Is the World a Better or Worse Place Aesthetically With the Art of Richard Prince in It? Or How I Learned to Stop Worrying and Love the Bomb
A lot of thrashing about has been taking place in the internet over the past few days over unauthorized use of digital imagery. Scoble wrote a post up about it and says, “steal my content, please.” Mashable has a post out regarding a recent YouTube take down request for a Web 2.0 video published by The Richter Scales. The video in question, by the way, used at least one unauthorized photograph of mine, specifically a photo of Om Malik.
My response to this unauthorized use of my imagery? Who gives a shit? I certainly don’t. More specifically though my response is, would the world be a better or worse place aesthetically speaking with artists like Richard Prince in it.
Who is Richard Prince you ask? Richard Prince is a world acclaimed artist who has built his art by remixing imagery from popular advertising campaigns. Yes, imagery which he does not hold copyright over. You can read more about the work of Prince over here at the New York Times in the article If the Copy Is an Artwork, Then What’s the Original? So what does Prince do? He takes photographs of photos by other photographers, blows them up huge like and without crediting any original photographer he produces and publishes his art. I say more power to him. Thanks by the way Ryan for the heads up on the Richard Prince article.
More to the point. Would the world be a better or a worse place off aesthetically speaking with the Beastles in it? Who are the Beastles? The Beastles are a band that a few years back did an incredible job remixing tracks from the Beatles and the Beastie Boys. The result is incredible — I’m glad I got the tracks off the internet when I did because good luck finding the tracks now. With songs like Whatcha Want, Lady?, Mother Nature’s Rump, and I Feel Fine Right Now, the Beastles brought a new cutting edge feel to the Beatles and in the process created some remarkable art.
It’s unfortunate that today when you go to their website to hear their fantastic remixes that you get the following message: “These mash-ups were made for fun, and as a demonstration of my remixing abilities. They are currently unavailable on this website.”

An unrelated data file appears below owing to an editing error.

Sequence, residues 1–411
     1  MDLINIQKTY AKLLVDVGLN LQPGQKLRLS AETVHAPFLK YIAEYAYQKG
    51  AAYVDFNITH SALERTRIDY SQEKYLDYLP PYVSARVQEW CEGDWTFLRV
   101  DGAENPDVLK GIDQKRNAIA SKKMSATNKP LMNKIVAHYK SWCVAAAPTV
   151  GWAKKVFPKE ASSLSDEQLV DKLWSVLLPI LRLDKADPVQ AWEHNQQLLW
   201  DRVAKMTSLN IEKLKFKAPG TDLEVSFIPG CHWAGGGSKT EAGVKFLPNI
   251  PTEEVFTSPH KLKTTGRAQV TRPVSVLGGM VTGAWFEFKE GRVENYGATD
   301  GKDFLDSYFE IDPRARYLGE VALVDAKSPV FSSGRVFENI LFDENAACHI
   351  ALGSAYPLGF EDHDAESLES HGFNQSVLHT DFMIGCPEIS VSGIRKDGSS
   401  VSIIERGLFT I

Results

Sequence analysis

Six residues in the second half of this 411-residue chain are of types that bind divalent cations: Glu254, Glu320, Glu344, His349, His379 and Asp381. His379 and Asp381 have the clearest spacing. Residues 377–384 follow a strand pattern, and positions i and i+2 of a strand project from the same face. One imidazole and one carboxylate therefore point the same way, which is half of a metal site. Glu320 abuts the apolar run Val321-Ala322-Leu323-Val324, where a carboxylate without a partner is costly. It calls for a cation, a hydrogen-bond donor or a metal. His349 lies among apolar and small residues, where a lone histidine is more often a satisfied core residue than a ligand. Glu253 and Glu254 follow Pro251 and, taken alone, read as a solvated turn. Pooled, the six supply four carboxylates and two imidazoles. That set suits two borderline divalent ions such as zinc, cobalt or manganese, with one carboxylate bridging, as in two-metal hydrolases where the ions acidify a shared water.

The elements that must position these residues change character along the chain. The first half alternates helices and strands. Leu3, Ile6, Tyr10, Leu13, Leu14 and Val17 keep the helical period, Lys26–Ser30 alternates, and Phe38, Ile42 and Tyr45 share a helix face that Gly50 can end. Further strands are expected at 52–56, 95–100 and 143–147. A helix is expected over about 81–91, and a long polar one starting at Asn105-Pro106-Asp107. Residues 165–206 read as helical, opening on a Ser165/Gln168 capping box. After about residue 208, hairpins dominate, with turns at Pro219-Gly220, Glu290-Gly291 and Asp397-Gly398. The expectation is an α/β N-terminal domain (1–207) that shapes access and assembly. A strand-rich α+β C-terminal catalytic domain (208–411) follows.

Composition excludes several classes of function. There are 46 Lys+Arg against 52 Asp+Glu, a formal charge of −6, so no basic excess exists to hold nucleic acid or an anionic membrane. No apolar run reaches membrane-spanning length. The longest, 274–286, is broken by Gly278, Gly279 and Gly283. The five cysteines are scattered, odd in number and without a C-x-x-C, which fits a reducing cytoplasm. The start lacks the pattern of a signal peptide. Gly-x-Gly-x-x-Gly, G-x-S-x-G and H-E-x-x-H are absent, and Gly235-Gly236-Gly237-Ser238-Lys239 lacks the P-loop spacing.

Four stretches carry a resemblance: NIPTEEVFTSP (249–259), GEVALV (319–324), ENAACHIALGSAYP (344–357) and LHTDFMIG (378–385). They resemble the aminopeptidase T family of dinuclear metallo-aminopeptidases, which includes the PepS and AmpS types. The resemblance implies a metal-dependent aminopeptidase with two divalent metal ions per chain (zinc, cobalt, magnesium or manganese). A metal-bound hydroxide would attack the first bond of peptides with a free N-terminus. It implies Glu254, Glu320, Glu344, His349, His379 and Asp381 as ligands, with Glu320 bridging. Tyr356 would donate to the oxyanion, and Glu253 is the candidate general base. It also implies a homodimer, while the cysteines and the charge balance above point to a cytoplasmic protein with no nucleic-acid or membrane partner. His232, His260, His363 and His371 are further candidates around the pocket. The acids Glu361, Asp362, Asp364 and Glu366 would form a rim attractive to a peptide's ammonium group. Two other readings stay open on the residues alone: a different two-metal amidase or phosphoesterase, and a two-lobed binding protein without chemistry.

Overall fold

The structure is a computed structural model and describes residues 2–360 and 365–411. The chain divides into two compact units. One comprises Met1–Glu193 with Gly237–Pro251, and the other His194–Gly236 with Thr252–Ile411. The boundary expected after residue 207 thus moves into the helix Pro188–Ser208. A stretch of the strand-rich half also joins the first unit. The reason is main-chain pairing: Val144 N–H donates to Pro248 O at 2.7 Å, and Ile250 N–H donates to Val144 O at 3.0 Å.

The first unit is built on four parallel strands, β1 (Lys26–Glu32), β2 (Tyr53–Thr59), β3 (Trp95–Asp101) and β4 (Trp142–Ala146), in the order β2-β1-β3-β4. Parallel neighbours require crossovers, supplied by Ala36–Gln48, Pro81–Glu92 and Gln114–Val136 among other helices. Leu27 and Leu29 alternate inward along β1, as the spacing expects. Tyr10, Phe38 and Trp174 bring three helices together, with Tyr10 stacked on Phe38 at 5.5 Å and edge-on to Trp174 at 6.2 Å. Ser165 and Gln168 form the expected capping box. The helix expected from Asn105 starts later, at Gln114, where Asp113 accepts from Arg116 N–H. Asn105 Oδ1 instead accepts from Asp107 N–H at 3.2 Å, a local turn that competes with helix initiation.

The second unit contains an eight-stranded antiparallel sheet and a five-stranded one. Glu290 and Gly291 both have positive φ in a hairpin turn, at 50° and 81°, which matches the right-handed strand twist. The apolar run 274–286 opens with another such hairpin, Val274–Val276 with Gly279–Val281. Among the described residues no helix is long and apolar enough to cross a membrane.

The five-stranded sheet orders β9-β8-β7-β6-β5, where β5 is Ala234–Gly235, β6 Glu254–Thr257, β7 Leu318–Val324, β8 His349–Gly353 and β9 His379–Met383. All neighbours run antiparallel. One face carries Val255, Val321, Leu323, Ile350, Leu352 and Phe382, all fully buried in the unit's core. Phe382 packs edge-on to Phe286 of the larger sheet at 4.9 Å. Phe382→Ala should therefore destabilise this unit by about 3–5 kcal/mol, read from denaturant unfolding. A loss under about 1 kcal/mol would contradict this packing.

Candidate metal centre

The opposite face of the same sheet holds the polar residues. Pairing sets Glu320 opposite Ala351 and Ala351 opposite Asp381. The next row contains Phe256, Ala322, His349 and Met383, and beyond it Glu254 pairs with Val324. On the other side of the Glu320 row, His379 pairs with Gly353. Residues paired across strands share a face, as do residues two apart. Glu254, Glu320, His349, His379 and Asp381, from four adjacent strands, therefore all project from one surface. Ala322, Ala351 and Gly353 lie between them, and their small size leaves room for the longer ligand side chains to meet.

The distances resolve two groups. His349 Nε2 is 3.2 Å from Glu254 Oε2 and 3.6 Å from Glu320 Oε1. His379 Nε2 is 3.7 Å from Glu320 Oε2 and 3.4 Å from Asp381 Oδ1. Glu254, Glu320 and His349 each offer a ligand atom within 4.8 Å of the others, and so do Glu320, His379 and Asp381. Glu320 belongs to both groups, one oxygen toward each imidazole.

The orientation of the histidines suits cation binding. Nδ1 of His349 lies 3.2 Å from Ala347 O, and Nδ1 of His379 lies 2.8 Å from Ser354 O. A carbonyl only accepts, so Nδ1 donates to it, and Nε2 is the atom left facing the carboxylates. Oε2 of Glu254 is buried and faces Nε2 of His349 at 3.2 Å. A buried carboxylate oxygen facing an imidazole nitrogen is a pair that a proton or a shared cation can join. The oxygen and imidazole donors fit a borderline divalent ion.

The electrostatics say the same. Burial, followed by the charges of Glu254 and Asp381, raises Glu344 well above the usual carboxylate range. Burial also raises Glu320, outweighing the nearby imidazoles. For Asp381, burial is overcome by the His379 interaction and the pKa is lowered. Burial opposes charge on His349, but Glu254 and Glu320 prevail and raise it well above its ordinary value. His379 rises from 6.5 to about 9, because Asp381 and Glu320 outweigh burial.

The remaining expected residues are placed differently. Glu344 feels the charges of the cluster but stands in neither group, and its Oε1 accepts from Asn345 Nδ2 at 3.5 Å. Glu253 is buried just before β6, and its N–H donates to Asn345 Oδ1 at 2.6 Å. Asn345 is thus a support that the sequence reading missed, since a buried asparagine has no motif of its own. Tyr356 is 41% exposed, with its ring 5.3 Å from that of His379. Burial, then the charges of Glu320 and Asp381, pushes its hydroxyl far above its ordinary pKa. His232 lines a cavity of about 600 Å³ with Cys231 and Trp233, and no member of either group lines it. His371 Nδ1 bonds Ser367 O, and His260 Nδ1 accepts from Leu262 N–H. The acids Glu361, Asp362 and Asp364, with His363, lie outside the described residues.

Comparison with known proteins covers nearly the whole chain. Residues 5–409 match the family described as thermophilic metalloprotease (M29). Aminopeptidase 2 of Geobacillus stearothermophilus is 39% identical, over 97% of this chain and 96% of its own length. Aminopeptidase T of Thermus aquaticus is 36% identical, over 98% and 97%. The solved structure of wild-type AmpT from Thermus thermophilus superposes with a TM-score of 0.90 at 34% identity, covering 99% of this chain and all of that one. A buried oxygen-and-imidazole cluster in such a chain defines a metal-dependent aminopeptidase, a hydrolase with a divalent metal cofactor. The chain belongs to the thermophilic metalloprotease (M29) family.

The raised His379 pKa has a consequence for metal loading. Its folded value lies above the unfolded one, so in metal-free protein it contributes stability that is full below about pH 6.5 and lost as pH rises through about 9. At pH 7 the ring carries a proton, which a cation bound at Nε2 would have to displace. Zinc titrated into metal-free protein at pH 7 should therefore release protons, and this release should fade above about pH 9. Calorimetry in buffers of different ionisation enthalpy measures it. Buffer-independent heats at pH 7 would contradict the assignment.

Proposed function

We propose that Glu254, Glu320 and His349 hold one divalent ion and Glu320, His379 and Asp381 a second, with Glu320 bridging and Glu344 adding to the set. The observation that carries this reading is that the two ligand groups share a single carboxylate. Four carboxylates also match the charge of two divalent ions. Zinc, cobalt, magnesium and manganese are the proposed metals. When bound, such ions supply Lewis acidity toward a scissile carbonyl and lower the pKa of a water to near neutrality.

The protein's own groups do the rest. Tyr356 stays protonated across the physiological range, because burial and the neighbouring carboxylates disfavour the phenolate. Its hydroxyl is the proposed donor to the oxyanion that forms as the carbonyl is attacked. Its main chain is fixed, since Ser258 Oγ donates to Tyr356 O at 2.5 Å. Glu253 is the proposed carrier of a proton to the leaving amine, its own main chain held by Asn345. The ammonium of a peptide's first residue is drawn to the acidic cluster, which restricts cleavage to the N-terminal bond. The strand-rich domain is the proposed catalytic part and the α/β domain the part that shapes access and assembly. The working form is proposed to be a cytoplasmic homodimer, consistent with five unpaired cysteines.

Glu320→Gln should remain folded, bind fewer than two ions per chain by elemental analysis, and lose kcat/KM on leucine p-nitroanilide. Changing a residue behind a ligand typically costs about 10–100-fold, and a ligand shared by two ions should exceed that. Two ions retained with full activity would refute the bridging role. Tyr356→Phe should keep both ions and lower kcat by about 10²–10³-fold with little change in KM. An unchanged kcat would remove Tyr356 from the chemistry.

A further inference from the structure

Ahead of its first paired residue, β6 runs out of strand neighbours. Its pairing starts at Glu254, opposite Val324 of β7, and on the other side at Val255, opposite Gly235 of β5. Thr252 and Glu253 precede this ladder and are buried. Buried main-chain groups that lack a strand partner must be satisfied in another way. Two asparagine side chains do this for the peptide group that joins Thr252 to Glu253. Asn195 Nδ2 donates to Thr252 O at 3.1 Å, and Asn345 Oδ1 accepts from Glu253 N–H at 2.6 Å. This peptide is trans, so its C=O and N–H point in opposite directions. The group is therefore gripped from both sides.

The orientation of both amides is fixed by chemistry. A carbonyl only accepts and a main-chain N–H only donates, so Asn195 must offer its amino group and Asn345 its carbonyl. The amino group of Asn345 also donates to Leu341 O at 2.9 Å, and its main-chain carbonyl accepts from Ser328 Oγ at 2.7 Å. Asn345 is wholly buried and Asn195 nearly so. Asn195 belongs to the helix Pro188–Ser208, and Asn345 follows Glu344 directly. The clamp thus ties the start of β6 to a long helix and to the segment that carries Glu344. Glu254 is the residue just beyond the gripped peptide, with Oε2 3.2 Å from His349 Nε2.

Check out the photo at the top of this post. It’s outstanding! It’s also a remix of one of my photos. Here’s the original. While I received credit as part of the remix I’m much more satisfied that the photograph above was produced. That something that I made inspired someone to make something even more creative than my original. In the same way that I was pleased to see that The Richter Scales used some of my imagery in their own attempt to exercise their own creativity.
Our time on this earth is too short to get petty and spend hours worrying about people who might steal our imagery. When my imagery is used as part of someone else’s creative process I don’t get jealous or proprietary, I get excited. I get excited that even beyond my own art I’ve contributed to even more art on this earth. While it’s always nice to be credited I’m not going to let this spoil the party if I don’t.
Certainly a “I’m taking my ball and going home,” sort of attitude where you limit the exposure of your photographs or watermark the hell out of everything is one approach. That’s not my approach though.
My friend Scott Richard painted one of my photographs. Check it out, it’s amazing. Here’s his painting and here’s my original. My friend Kathy Johnson painted another one of my photographs. The original is here. I love this stuff. I love that my stuff is used this way.
And I do actually think that the world is better off with Richard Prince and his amazing work in it than if he were to be shut down. To me, the internet ought to be about tearing down walls in the name of creativity, not erecting new ones. So if the Richter Scales or anyone else wants to use my photos as part of their own creative process, go for it. I won’t let this get in the way of my own creative process which is focused more on building large collections of photographs and in building a collection of 500,000 finished photographs before I die. I’ve only ever told one publication that they couldn’t use my photographs, and that’s Valleywag. I got tired of them making up lies and printing them and so I didn’t want to contribute to the crap that they spew anymore.
Certainly there are cases where clear, large and very full copyright violations take place that probably shouldn’t. But there are many, many other cases of limited and questionable minor infringement that should probably be let go.
If you put your stuff up on the internet at some point it may be used by others. My advice is to stop worrying about it and learn to love the bomb.